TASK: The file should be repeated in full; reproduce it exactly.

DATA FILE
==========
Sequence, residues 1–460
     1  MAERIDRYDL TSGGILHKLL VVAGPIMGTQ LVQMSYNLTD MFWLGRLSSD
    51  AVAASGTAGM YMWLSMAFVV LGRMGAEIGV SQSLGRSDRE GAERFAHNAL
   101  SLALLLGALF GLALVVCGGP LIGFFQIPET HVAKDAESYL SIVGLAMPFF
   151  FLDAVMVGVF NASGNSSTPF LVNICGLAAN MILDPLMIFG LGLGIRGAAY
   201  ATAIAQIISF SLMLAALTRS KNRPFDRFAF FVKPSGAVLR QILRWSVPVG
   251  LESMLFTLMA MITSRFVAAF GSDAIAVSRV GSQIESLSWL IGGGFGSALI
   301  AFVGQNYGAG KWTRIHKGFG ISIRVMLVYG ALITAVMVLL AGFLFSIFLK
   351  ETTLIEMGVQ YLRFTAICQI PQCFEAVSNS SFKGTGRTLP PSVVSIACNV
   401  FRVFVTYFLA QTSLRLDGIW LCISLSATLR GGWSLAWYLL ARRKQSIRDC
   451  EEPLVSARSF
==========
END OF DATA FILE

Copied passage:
Sequence, residues 1–460
     1  MAERIDRYDL TSGGILHKLL VVAGPIMGTQ LVQMSYNLTD MFWLGRLSSD
    51  AVAASGTAGM YMWLSMAFVV LGRMGAEIGV SQSLGRSDRE GAERFAHNAL
   101  SLALLLGALF GLALVVCGGP LIGFFQIPET HVAKDAESYL SIVGLAMPFF
   151  FLDAVMVGVF NASGNSSTPF LVNICGLAAN MILDPLMIFG LGLGIRGAAY
   201  ATAIAQIISF SLMLAALTRS KNRPFDRFAF FVKPSGAVLR QILRWSVPVG
   251  LESMLFTLMA MITSRFVAAF GSDAIAVSRV GSQIESLSWL IGGGFGSALI
   301  AFVGQNYGAG KWTRIHKGFG ISIRVMLVYG ALITAVMVLL AGFLFSIFLK
   351  ETTLIEMGVQ YLRFTAICQI PQCFEAVSNS SFKGTGRTLP PSVVSIACNV
   401  FRVFVTYFLA QTSLRLDGIW LCISLSATLR GGWSLAWYLL ARRKQSIRDC
   451  EEPLVSARSF